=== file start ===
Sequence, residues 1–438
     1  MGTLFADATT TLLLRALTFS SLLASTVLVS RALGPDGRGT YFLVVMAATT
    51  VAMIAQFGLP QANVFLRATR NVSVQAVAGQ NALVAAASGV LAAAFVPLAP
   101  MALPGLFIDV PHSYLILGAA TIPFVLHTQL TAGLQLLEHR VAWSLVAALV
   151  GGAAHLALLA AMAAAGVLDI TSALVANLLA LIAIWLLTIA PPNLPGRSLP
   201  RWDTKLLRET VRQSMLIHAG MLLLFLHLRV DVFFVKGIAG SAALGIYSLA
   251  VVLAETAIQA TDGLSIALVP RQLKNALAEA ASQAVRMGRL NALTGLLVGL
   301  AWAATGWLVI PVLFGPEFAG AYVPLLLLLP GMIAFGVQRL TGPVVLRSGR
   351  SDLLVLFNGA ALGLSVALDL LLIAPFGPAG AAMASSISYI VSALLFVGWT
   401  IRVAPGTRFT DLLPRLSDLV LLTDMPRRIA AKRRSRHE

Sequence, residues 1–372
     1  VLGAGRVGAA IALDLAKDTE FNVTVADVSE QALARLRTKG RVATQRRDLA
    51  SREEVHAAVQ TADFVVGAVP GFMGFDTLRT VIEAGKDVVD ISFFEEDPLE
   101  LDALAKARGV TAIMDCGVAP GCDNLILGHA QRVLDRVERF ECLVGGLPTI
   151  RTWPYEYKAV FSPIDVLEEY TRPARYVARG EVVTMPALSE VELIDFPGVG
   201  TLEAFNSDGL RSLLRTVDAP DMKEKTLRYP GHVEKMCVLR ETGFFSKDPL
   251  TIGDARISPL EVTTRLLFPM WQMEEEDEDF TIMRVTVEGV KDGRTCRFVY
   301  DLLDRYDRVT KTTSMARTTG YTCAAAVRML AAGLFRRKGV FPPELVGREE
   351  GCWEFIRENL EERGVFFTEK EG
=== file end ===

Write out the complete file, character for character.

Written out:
Sequence, residues 1–438
     1  MGTLFADATT TLLLRALTFS SLLASTVLVS RALGPDGRGT YFLVVMAATT
    51  VAMIAQFGLP QANVFLRATR NVSVQAVAGQ NALVAAASGV LAAAFVPLAP
   101  MALPGLFIDV PHSYLILGAA TIPFVLHTQL TAGLQLLEHR VAWSLVAALV
   151  GGAAHLALLA AMAAAGVLDI TSALVANLLA LIAIWLLTIA PPNLPGRSLP
   201  RWDTKLLRET VRQSMLIHAG MLLLFLHLRV DVFFVKGIAG SAALGIYSLA
   251  VVLAETAIQA TDGLSIALVP RQLKNALAEA ASQAVRMGRL NALTGLLVGL
   301  AWAATGWLVI PVLFGPEFAG AYVPLLLLLP GMIAFGVQRL TGPVVLRSGR
   351  SDLLVLFNGA ALGLSVALDL LLIAPFGPAG AAMASSISYI VSALLFVGWT
   401  IRVAPGTRFT DLLPRLSDLV LLTDMPRRIA AKRRSRHE

Sequence, residues 1–372
     1  VLGAGRVGAA IALDLAKDTE FNVTVADVSE QALARLRTKG RVATQRRDLA
    51  SREEVHAAVQ TADFVVGAVP GFMGFDTLRT VIEAGKDVVD ISFFEEDPLE
   101  LDALAKARGV TAIMDCGVAP GCDNLILGHA QRVLDRVERF ECLVGGLPTI
   151  RTWPYEYKAV FSPIDVLEEY TRPARYVARG EVVTMPALSE VELIDFPGVG
   201  TLEAFNSDGL RSLLRTVDAP DMKEKTLRYP GHVEKMCVLR ETGFFSKDPL
   251  TIGDARISPL EVTTRLLFPM WQMEEEDEDF TIMRVTVEGV KDGRTCRFVY
   301  DLLDRYDRVT KTTSMARTTG YTCAAAVRML AAGLFRRKGV FPPELVGREE
   351  GCWEFIRENL EERGVFFTEK EG